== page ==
Expectations are different now, and Los Angeles Dodgers President of Baseball Operations Andrew Friedman better know it. There is no patience for a rebuild of any kind under the bright Hollywood lights, and every move—each decision—will be scrutinized, examined and dissected underneath the microscope. Now with more flexibility and decision-making power than he’s had heretofore since taking over the controls, the biggest offseason of Friedman’s MLB career has officially arrived.
Paying an unfathomable, staggering $87.5 million to players like Brian Wilson, Brandon League and Chad Billingsley not to put on the Dodgers uniform last season, Friedman now heads toward December without Zack Greinke under contract and very little guaranteed behind Clayton Kershaw. The Dodgers also have a giant hole at second base and an outfield with nothing but question marks. The bullpen has been an issue since long before Friedman’s arrival, but he’s going to have to fix that, as well. Picking quantity over quality and choosing price points instead of talent hoping something will click is not the approach that’s going to win anything in Los Angeles—especially not the endorsement of a rabid fan base that is desperate to see the restoration of a historic Dodgers brand.
After running Don Mattingly out of the dugout so he could chase his own man, Friedman is under a mountain of pressure to correctly identify the next man in charge. Friedman hired Joe Maddon, a manager who redefined success and has transformed the mold for what is valued in the position. Fair or not, that’s going to be the standard to which he and the Dodgers are held. Unfortunately, that’s just going to cross off the first item on a lengthy to-do list.
On the player side, it begins with Greinke’s free-agent decision, but this is not a Dodgers team that can afford to navigate its universe around a self-centered sun. Greinke’s choice should be a selfish one, but Los Angeles is more than just one player away. Even if the two sides wind up concluding the courtship in reunion, both Greinke and the Dodgers are operating concurrently on separate planes.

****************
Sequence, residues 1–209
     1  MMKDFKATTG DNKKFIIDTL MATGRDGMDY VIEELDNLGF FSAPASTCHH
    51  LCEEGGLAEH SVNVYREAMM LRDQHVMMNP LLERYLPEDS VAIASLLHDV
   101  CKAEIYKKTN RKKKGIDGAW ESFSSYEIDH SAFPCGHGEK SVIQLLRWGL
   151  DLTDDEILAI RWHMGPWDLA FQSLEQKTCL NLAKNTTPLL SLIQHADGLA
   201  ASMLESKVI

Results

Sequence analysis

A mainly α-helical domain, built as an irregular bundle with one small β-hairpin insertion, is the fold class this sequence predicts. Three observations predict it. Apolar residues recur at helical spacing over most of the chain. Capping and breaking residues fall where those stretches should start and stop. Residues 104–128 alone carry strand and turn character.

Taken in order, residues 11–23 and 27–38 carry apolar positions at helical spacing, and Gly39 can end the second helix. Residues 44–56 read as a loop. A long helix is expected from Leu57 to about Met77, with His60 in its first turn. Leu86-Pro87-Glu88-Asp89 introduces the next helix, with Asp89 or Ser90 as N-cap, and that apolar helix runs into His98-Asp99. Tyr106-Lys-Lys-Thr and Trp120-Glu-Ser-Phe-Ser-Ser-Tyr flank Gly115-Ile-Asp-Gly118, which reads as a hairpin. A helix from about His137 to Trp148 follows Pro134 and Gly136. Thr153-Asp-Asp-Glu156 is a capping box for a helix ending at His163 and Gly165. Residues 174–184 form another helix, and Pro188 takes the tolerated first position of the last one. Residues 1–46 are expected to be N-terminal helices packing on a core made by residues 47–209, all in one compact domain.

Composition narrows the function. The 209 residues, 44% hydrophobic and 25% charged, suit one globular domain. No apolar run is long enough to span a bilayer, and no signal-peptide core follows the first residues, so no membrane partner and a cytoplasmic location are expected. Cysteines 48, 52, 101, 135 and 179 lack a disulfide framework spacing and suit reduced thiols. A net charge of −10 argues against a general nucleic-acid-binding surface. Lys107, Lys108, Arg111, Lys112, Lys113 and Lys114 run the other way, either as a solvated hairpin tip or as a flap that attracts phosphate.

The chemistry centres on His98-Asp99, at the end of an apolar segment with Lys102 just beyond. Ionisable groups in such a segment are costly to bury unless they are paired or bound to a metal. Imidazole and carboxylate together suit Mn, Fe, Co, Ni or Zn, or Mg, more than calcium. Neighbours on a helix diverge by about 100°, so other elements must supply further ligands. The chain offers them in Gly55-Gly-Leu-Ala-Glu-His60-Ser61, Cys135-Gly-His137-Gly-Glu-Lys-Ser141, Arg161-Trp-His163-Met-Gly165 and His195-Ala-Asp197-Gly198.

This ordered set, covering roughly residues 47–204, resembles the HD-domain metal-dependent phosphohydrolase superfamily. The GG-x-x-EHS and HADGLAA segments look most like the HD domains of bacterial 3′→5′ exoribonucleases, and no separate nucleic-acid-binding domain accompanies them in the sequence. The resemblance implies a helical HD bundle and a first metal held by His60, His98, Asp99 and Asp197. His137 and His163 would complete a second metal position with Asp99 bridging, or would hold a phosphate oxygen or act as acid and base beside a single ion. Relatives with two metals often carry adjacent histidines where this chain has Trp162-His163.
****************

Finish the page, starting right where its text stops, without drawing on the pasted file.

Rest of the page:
The rotation behind Clayton Kershaw consists of Brett Andrson, a pitcher with plenty still to prove after accepting a one-year qualifying contract offer, and Hyun-Jin Ryu, who nobody knows how to project after major shoulder surgery resulted in him missing the entire 2015 campaign. After that? Even prettier with Alex Wood and Mike Bolsinger, and while the club will also get Brandon McCarthy back next summer after Tommy John surgery, it’s beyond obvious that this is a staff in need of major help.
Half of the starting infield has already gone under the knife this offseason. Justin Turner’s knee needed microfracture surgery, Kike Hernandez required a shoulder clean out and Yasmani Grandal underwent the same procedure. Joc Pederson rode an electric hot start to All-Star Rookie of the Year favorite before devolving into less than a platoon player in the season’s second half, Yasiel Puig couldn’t even show a flash of thunder after previously lighting up the league and the Andre Ethier-Carl Crawford platoon is a $40 million disappointment. Even Friedman has admitted to the problems his team has, and the hardest part about finding a solution is the absence of a clear answer.
“You look back over time and so many long-term free-agent contracts have worked out really poorly,” Friedman said. “More than anything else, you get to a point where you’re significantly hindering your ability to win in the future.”
That’s what Friedman told reporters when explaining the Dodgers’ approach in free agency, and it’s hard to understand that considering the position he’s in. It’s not that Friedman is wrong, but this is a franchise that just paid nearly $90 million to have the privilege of telling players to go away. The Dodgers have the bankroll to build a competitive advantage. You can’t walk both sides of that line and pretend not to fall off balance.
If Friedman concludes the offseason with the wrong guy in charge, without Greinke and failing to address the clear needs described, patience will be tested, loyalties will be tried and the young executive will have plenty of unfamiliar questions to answer.